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Mammograms- Do They Work?

Posted on October 4, 2013 by admin | Posted in Uncategorized

october-pinkOctober is breast cancer awareness month.  It’s a great time to get your screening mammogram done that you may have put off for the last few years.  Mammograms are currently the only proven screening test for the general population.  They are able to identify approximately 80% of breast cancers early on in the process.  About 1 in 10 mammograms will come back showing an abnormality, thus many women will have another follow-up study performed.  This is when there can be a lot of anxiety as a woman waits for more imaging to be performed and results to come back.  It may be helpful for some women to know that 9 out of 10 will have normal findings on the follow up studies.

There are many different organizations with recommendations on breast cancer screening.  Some of them include American College Obstetrics and Gynecology, American Cancer Society, U.S. Preventative Services Task Force.  I personally recommend following the guidelines set up by ACOG.  Their screening frequency is not as conservative as the USPSTF and not as liberal as the ACS.

One needs to consider the potential risks that some studies have investigated and that patients bring up as concerns.  Such as the radiation exposure from mammograms.  A study in 2010 found: If 100,000 women got annual mammograms from ages 40 to 55, and then every other year until age 74, there was 86 breast cancers and 11 deaths attributable to the mammography radiation.  Put another way, an author of the study said: “Your chances are one in 1,000 of developing a breast cancer from the radiation. Your chances of dying are 1 in 10,000.”  Due to the mammogram radiation, the model concluded that 136 woman-years — that’s defined as 136 women who died a year earlier than their life expectancy or 13 women who died 10 years earlier than their life expectancy — would be lost due to radiation-induced exposure. But 10,670 woman-years would be saved by earlier detection.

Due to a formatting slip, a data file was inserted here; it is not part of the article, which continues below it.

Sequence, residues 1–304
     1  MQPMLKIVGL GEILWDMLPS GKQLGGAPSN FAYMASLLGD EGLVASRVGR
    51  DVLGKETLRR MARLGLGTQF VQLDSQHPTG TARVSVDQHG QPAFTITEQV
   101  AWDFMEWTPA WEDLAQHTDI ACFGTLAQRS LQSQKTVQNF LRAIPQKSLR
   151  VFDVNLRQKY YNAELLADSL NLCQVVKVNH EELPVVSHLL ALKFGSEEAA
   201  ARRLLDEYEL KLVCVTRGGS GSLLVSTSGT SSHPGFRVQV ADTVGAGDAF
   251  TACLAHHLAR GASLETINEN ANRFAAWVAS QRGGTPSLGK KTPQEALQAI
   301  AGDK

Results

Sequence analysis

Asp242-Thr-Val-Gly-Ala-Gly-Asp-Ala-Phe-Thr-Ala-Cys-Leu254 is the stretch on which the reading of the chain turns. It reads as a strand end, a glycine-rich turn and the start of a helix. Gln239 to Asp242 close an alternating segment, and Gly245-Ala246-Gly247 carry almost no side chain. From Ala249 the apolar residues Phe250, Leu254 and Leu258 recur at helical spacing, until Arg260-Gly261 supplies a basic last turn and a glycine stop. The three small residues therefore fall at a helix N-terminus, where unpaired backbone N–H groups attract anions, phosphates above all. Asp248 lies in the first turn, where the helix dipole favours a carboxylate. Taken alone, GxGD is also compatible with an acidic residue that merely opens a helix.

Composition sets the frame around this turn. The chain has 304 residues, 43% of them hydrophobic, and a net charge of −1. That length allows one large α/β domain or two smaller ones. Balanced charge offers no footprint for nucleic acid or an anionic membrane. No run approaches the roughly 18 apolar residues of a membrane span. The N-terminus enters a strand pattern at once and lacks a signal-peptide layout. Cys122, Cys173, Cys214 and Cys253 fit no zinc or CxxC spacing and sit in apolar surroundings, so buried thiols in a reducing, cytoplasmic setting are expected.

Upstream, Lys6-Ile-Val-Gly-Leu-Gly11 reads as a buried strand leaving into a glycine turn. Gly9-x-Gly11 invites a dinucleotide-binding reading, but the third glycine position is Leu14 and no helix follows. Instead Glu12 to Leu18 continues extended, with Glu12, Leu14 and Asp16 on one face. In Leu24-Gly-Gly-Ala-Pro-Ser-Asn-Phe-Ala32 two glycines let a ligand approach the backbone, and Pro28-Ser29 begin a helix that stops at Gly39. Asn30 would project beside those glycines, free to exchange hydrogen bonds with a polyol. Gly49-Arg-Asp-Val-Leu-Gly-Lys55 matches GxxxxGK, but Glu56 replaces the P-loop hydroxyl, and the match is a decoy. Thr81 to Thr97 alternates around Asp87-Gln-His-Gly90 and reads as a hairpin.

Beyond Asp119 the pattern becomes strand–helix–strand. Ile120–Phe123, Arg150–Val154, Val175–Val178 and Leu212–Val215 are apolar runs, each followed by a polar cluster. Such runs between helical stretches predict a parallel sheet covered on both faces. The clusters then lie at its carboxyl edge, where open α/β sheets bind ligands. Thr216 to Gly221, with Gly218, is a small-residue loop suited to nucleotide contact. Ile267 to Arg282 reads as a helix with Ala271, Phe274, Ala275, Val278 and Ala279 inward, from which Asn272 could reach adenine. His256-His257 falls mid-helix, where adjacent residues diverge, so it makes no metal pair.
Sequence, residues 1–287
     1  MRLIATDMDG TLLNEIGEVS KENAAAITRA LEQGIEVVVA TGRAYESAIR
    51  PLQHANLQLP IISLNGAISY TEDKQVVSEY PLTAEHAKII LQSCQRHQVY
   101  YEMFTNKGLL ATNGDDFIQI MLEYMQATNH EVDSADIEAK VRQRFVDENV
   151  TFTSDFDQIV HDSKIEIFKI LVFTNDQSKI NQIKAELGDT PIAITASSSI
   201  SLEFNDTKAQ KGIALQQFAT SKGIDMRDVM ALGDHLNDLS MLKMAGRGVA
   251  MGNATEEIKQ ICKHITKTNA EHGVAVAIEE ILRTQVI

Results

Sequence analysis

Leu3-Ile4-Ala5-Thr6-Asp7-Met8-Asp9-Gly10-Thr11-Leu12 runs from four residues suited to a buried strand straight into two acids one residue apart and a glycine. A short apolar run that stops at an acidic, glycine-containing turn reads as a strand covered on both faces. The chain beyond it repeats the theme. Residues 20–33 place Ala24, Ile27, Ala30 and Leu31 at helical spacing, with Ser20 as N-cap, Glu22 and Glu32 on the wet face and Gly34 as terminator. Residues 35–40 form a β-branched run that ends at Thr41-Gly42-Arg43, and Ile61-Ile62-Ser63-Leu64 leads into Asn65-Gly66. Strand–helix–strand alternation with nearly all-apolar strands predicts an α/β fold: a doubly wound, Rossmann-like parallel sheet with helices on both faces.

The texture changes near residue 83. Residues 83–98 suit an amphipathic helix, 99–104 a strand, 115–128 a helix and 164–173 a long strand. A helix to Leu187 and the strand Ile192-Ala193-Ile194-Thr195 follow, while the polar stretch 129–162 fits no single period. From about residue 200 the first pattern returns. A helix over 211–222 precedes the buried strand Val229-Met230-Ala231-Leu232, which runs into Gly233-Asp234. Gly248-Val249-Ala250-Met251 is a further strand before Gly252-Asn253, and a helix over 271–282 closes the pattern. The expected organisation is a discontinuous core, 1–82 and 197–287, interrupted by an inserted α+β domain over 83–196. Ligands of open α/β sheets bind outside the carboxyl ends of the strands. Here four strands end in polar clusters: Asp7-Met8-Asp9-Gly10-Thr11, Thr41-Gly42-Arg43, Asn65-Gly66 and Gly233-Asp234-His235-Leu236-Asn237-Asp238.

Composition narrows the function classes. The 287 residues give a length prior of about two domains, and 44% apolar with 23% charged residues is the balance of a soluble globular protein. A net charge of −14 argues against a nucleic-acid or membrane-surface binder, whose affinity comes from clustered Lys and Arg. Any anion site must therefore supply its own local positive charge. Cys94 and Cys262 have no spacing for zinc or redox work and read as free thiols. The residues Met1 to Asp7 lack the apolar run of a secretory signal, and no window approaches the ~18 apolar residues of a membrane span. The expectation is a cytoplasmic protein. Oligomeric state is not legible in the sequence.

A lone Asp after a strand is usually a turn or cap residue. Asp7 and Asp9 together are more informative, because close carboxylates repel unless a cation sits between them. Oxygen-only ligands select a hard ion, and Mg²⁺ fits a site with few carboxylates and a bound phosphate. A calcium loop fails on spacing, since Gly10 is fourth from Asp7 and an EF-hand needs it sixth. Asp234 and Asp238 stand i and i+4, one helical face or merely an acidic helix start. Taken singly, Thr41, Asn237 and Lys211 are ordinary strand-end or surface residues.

As far as reducing your risk of breast cancer, it’s first important to realize 70% of women develop breast cancer without any risk factors!  However we do know that the following decreases your risk: regular exercise, not being obese, limiting alcohol intake to 1 drink or less per day, and the newest research finding of limiting smoking.  Low fat diet consisting of a lot of fruits and vegetables is obviously beneficial to your overall health and may decrease your risk of breast cancer.

There are some women who are at higher risk than the general population.  Those are women with a strong family history and hereditary gene mutations such as the BRCA 1 and 2. For further reading on this topic please click BRCA 1 and 2.  If you have a significant family history of breast cancer or ovarian cancer then it is important that you see your health care provider for counseling and possible testing.

Lastly, if you have any family or friends that have breast cancer then send them an encouraging note this month.

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